The cuttlebone is the long, oblong shell of the cuttlefish, a marine cephalopod that resembles a squid. Cuttlebone is applied to many animal habitats, including bird cages.
Among the main health benefits of cuttlebone is that it comprises 85% calcium carbonate. The Netherlands Journal of Veterinary Science explains how a calcium deficiency (hypocalcemia) is a common concern in parrots, especially among African greys.
Cuttlebone offers other essential minerals for parrots, including potassium, magnesium, and zinc. In addition, nibbling on cuttlebones can wear down the beak, minimizing the risk of overgrowth.
If applying a cuttlebone to a parrot’s cage, consider hanging or suspending it from the roof or wall of the cage. Cuttlebone has two sides – one soft, one hard. Ensure the soft side is accessible.
Parrots that have a cuttlebone won’t need calcium supplements. Just as a calcium deficiency is a concern, parrots can develop hypercalcemia due to too much calcium.
Do Parrots Need Cuttlefish Bone?
A cuttlebone is an optional addition to a parrot’s cage, but it’s recommended. If a parrot’s diet contains insufficient calcium, cuttlefish bone is more important than ever.
Some owners provide supplements to ensure parrots receive all essential vitamins and minerals, but cuttlebone is an inexpensive, natural alternative.
A cuttlebone can also be a toy for a parrot, adding enrichment and preventing boredom.
Why is Cuttlebone Good for Parrots?
Cuttlebones are for a pet bird’s cage. Hanging a cuttlefish bone offers health benefits and provides play and exercise opportunities. The core cuttlebone benefits for parrots are as follows:
Cuttlefish bone is calcareous, meaning it’s primarily made from calcium carbonate.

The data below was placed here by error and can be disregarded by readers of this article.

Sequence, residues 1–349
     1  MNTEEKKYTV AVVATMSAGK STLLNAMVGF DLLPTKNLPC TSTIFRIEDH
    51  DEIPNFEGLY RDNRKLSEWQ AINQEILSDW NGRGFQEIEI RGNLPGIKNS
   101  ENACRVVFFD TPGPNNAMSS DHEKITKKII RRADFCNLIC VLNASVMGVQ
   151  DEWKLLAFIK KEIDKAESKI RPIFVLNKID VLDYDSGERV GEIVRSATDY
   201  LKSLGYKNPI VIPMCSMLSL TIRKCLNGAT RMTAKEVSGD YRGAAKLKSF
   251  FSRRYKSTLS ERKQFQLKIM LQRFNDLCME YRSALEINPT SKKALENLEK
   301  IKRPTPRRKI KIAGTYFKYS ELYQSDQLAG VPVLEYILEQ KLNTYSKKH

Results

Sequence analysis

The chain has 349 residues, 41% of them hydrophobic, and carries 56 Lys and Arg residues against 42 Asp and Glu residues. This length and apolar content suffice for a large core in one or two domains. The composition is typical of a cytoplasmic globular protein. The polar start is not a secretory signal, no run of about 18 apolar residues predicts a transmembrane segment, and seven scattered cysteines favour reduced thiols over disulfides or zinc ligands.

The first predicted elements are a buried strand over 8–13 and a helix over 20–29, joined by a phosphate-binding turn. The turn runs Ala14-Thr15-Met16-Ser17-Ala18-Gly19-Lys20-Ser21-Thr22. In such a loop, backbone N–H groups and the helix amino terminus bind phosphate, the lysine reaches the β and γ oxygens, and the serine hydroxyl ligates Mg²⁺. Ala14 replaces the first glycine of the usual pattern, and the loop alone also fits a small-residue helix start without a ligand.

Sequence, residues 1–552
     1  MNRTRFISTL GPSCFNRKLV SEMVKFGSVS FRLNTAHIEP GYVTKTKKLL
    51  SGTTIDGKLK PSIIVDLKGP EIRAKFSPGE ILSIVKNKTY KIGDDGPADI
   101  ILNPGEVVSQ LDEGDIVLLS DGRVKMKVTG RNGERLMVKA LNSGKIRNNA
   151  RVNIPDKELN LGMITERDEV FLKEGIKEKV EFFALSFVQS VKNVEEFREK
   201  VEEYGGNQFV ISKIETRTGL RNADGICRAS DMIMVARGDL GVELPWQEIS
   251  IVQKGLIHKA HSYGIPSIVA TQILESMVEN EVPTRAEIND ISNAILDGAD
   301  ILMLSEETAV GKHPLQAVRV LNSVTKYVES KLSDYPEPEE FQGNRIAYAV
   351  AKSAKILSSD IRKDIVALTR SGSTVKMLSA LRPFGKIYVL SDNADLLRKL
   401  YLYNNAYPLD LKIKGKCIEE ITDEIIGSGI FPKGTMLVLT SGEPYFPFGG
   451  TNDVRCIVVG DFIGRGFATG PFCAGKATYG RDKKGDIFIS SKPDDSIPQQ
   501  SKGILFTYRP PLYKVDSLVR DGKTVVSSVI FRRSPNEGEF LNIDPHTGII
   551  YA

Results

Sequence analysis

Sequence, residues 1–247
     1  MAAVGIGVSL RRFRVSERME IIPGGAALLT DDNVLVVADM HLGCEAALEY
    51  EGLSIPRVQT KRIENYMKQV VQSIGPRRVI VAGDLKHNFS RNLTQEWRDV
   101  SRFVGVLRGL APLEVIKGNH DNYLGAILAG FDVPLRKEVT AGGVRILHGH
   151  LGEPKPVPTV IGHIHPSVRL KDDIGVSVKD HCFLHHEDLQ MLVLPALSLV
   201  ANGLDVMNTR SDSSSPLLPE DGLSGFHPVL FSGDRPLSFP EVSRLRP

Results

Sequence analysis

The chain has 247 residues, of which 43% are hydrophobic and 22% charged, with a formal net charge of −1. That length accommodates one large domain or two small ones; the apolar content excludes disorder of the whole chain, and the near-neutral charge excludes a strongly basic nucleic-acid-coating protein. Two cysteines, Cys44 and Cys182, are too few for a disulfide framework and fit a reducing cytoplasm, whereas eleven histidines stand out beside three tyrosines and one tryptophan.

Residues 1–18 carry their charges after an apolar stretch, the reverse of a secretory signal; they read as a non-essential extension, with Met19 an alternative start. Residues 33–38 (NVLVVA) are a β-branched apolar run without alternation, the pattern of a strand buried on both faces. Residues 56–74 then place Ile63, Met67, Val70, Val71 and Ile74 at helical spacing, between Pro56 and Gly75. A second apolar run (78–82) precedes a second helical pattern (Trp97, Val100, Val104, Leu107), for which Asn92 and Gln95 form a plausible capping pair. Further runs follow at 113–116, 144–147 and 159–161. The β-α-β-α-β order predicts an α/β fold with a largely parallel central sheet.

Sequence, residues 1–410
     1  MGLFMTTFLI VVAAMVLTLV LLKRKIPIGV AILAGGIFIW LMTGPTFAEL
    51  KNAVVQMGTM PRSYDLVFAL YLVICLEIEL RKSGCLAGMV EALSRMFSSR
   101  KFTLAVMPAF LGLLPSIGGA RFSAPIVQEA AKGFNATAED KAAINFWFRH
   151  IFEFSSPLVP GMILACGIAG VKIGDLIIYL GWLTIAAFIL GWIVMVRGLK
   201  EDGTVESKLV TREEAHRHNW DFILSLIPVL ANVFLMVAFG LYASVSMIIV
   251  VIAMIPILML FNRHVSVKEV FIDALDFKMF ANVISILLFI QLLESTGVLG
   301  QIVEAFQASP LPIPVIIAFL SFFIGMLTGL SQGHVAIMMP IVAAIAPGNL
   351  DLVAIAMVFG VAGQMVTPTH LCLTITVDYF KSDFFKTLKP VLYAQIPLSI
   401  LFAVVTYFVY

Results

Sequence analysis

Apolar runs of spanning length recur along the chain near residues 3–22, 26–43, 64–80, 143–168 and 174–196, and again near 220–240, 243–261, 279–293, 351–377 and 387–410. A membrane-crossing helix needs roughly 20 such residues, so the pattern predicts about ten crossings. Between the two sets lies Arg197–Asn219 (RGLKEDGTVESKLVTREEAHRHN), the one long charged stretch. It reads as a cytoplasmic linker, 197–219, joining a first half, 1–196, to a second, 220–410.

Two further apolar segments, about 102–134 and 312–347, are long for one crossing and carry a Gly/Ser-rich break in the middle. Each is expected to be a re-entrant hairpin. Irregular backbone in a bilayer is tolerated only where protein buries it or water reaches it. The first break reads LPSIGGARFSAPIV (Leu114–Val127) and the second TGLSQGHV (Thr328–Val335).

As you can imagine, this makes cuttlebone a vital source of calcium for a parrot, especially if the bird primarily eats nuts, seeds, and pellets.
Phosphorous and magnesium (also found in cuttlebone) are crucial to bone formation. A lack of calcium leads to hypocalcemia, the symptoms of which include:
- Weak muscles.
- Poor balance.
- Fragile bones.
- Growth disorders.
- Tremors and seizures.
- Poor reproductive health.
- High chick mortality.
Cuttlebone is an easy way to avoid these risks without dietary supplements.
Vitamins and Minerals
Cuttlefish bone is rich in other minerals that aid a parrot’s health, including:
|Magnesium:||According to the Journal of Avian Medicine and Surgery, magnesium is as vital as calcium in preventing hypocalcemia.|
|Potassium:||Potassium ensures heart health and helps a parrot metabolize protein and glucose. Potassium also keeps a parrot’s excretion waste at safe levels.|
|Zinc:||Zinc promises healthy bone and feather growth in parrots. Zinc helps regulate a parrot’s appetite and enables them to benefit from vitamin A.|
Heart Health And Circulation
Cuttlebone consumption aids heart health, improving blood circulation and keeping internal organs functioning optimally.
Cuttlefish bone also promotes blood clotting (coagulation) and faster healing if accidents arise.
Biomolecules and Therapeutics explain how this is due to chitin, a biopolymer found in the exoskeleton of arthropods – and cephalopods like cuttlefish.